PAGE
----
Friday, April 15, 2011

Flashback Friday: C'est Si Bon

I don’t fancy myself a Francophile. I just had a quiet obsession with all things French, like French toast and shower curtains that said things like “amor” in fancy cursive writing. I started daydreaming about a trip to Paris so I could climb the steps of the Eiffel Tower and wear a beret. Perhaps I would even ride a bicycle with a baguette in the basket.

My dad always wanted to make my dreams come true, so he offered to buy Rocky and I plane tickets to Paris for our honeymoon. I was elated. My new husband and I could take sunset strolls along the Seine, find little cafes to canoodle over café au lait and pain au chocolat. But the bar exam burst my bubble. Rocky had about a month to study and there was no way he could enjoy France with torts, evidence and civil procedure looming on the horizon. Poor me would have to settle for a five star resort in the Caribbean. Paris would have to wait for another day.

Thankfully, I didn’t have to wait long. Less than two years later, all of my pestering and guilt tripping finally wore Rocky down. To ease Rocky into his first trip abroad, we bought plane tickets direct to Charles De Gaulle and stayed at an American chain hotel. Dining at the Dulles Airport waiting for our flight was one of my favorite memories of the trip. We enjoyed a bottle of wine to help us sleep. We were giddy with anticipation. Knowing you are about to embark on a dream trip is some powerful stuff. But it was really only the beginning of a dream week.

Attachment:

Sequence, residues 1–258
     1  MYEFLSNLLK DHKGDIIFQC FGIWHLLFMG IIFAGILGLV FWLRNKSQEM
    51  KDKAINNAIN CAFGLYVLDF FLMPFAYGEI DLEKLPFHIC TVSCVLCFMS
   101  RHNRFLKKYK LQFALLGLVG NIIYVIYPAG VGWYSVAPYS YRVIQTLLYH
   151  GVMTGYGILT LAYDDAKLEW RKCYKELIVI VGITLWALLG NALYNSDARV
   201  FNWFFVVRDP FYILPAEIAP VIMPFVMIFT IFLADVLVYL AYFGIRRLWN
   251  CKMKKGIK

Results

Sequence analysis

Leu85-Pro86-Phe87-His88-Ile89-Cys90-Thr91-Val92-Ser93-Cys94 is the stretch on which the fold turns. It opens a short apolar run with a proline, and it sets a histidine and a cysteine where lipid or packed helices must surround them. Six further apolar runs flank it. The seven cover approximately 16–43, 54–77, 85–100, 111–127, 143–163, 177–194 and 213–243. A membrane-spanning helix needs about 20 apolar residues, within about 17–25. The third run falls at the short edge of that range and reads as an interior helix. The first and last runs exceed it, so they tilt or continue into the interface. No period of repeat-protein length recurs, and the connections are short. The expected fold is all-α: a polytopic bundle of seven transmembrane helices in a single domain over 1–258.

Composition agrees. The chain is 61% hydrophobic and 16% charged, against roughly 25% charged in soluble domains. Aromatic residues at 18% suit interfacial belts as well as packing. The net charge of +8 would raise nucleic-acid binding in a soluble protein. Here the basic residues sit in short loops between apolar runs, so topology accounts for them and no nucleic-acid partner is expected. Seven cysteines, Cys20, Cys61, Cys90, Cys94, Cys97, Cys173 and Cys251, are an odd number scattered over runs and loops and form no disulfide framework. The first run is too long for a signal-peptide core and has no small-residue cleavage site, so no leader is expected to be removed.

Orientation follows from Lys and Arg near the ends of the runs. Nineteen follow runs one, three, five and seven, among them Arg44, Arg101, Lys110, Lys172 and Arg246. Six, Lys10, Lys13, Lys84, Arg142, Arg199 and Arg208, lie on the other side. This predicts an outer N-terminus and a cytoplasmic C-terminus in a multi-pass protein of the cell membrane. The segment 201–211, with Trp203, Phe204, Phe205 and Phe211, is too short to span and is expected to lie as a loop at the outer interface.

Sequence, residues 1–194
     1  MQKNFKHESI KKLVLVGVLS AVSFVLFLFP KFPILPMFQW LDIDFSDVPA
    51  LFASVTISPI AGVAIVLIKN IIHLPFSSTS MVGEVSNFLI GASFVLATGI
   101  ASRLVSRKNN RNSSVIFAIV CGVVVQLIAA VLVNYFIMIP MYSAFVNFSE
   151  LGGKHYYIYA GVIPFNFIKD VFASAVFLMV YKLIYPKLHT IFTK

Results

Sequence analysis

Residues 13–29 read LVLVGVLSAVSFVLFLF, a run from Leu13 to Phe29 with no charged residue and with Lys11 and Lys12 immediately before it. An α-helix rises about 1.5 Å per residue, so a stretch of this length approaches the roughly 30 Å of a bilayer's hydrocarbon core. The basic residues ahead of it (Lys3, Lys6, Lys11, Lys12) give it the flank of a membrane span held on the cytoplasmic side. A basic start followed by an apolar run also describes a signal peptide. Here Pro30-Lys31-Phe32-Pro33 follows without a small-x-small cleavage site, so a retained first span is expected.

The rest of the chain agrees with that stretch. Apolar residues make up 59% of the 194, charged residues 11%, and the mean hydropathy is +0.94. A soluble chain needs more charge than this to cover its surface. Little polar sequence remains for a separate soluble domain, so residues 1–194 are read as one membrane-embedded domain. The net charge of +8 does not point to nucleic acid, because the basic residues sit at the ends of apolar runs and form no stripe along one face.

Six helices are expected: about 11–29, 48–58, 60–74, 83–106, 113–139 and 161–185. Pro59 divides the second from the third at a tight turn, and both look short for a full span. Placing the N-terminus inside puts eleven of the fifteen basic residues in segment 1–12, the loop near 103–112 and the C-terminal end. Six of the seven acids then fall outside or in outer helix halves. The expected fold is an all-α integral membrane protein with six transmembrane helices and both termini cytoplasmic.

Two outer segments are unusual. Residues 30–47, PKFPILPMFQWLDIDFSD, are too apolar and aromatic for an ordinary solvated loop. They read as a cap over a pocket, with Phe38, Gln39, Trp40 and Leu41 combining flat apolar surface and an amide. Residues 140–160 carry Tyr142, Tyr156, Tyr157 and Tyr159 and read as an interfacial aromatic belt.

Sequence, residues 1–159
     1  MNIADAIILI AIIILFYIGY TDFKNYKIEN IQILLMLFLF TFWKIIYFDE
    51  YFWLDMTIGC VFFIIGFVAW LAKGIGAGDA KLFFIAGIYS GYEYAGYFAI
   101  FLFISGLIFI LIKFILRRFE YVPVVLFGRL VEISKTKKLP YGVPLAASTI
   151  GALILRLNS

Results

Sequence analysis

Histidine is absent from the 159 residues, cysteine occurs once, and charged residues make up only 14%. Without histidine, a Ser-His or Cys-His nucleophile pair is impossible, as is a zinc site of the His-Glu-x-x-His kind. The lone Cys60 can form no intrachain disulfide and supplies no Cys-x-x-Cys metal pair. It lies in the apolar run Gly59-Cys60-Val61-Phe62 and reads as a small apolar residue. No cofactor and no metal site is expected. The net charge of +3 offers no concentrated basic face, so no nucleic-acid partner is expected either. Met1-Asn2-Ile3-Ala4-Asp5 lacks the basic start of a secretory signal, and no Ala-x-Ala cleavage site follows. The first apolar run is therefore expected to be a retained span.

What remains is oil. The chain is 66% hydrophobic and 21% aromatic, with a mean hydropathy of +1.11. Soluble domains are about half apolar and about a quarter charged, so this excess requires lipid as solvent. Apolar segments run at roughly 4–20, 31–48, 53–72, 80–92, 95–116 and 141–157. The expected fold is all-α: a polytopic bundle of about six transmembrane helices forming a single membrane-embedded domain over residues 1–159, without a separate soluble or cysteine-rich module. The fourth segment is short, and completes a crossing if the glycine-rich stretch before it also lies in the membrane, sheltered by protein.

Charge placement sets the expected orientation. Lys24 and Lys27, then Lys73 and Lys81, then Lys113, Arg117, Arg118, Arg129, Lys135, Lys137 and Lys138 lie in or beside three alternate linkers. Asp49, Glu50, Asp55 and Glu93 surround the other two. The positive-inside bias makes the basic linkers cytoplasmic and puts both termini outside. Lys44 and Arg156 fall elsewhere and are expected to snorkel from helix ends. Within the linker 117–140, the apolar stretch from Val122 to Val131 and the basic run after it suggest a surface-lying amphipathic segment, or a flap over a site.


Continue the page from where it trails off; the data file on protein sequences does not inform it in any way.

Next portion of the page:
We landed in Paris around lunchtime. We rushed to our hotel to check-in and shower. I wasn’t wasting a minute. We spent the afternoon walking the Champs Elysees, filling up on Parisian lifestyle at Nike,Sephora and Kentucky Fried Chicken.
We fit a lot of culture into the week and hit all of the Paris highlights, including Notre Dame, the Louvre, Montmarte, Musee d’Orsay, Arc de Triumph.
To experience la vie de France outside of Paris, we took a day trip to Reims for an afternoon of champagne, champagne caves and champagne tasting. It was educational and decadent and sublime. But one of the best parts was getting out to a bit of the countryside and experience a slower, less congested-with-tourists pace. We stumbled through our only encounter where our lack of French was a problem. We recouperated with more wine, more baguettes and a quick nap in a quiet park.
But those fabulous French and their fabulous food! Every morning, we stopped at Angelina’s for croissants. For lunch we dined on ham and cheese baguettes. At some point in the afternoon we either stopped for some canoodling at a café for a carafe of wine, or opened our hotel room windows for a little wine and cheese. Every dinner was special. One night there were omelets in homage to Julia Child and the next the most amazing haricot verts at a restaurant we tried at the recommendation of the Lewises. One evening we ate at the restaurant featured in Something’s Gotta Give (Truly catering to the stupid Americans, they played the movie in the restroom.) Rocky fell in love with escargot.
We filled ourselves with delicious buttery gluttonous pastries.  We walked romantic stone streets at sunset.  We saw the art and architecture I had studied in school.  We sipped wine in those little cafes and dreamed about coming back.  It filled all of my shower curtain fantasies and then some.

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